The embattled Democratic candidate for Illinois lieutenant governor dropped out of the race Sunday because of pressure from party members worried about his 2005 arrest for domestic violence.
"This is the hardest thing that I ever had to do in my life," a teary-eyed Cohen said. "For the good of the people of the state of Illinois and the Democratic Party, I will resign."
Cohen made his announcement at a Chicago bar, during Super Bowl half-time, surrounded by his emotional fiance and sons.
"The people who make mistakes in their life should stay focused, go for their dreams," said Cohen, a pawnbroker and owner of a cleaning supply business.
Cohen's dream became a nightmare after his surprise win, when reports emerged that he was arrested and charged in 2005 for domestic battery. Cohen was accused of pushing his girlfriend's head against a wall and holding a knife against her throat. The charges were dropped after she failed to appear in court on the date of the hearing.
Moreover, the girlfriend in question had been arrested for prostitution. Cohen said he was not aware of that charge against her, and that he still does not believe she was a prostitute.
His ex-wife, Debra York-Cohen, accused her former husband of forced sexual attempts, infidelity and steroid use. She even sought an order of protection against him.
Even though York-Cohen stood by his side last week, saying he is a different person now, the pressure on Cohen from the state's Democratic leadership did not wane.
"Tonight, he has made the right decision for the Democratic Party and the people of Illinois," Gov. Pat Quinn, who is running for the governor's seat in November, said in a written statement. "Now we can continue to focus our efforts on putting our economy back on track and working to bring good jobs to Illinois."
Scott Lee Cohen Drops Out of Race
In Illinois, residents vote separately for the nominees for lieutenant governor and governor, which meant that Quinn would have been running on the same ticket as Cohen.
Cohen, who paid for much of the campaign out of his own pocket, denied that he ever covered up the charges and said that he "wanted to talk about all of these issues, but everyone wrote me off, and said I didn't have a chance to win."
But the state's Democratic leadership, which has yet to name a replacement, convinced the candidate to drop out.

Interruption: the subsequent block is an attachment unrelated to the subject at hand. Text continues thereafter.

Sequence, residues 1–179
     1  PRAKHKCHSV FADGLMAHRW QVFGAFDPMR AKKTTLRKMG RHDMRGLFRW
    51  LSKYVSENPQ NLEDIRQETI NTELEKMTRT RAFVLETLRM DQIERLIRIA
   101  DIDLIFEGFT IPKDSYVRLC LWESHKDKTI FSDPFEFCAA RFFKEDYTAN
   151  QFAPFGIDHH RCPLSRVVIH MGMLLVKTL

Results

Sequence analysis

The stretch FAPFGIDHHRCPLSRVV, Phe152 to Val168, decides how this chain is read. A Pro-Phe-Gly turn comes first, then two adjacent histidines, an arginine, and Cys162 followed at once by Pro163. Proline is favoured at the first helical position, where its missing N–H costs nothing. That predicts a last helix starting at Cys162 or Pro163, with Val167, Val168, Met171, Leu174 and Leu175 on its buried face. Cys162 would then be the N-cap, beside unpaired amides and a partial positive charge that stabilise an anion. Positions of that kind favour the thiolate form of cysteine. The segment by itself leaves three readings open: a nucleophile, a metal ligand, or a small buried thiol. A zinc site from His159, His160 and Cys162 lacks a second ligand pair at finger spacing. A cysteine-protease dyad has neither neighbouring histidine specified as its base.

Amanda Eneman, the girlfriend who brought the charges against Cohen, issued a statement Saturday saying that based on her observations and Cohen's behavior during their relationship, she "does not believe that he is fit to hold any public office including that of lieutenant governor."
The businessman said Eneman's statement did not affect his decision.
Cohen, a newcomer to politics, surprised many when he beat four state lawmakers to win the Democratic primary.
With Democrats preparing for an uphill battle in this year's mid-term elections in Illinois and across the country, many feared Cohen's scandal could become a distraction for the party and its agenda.
"I just think the Democrats don't need anymore bad news and this is just a headache that they don't need to deal with," said Nathan Gonzales, political editor at the non-partisan Rothenberg Political Report.
Quinn faces a tough re-election himself for the seat he occupied after Gov. Rod Blagojevich was ousted.
"I think voters have really begun to focus in on the Democratic side and ask themselves, is it really enough not just to be Rod Blagojevich," Chicago Tribune's veteran political reporter Rick Pearson said on "Top Line" last week.
The state controversy trickled into the national limelight, and threatened to worsen the perception of Illinois politics or "Chicago-style" politics that Republicans have seized on. But despite its Hollywood script and scandal, observers said the Cohen saga is unlikely to hurt Democrats in the long term.
"I don't think that it's going to have an electoral impact outside of Illinois in November," Gonzales said. "I think that this election is going to be about broader themes on economy [and] direction of the country."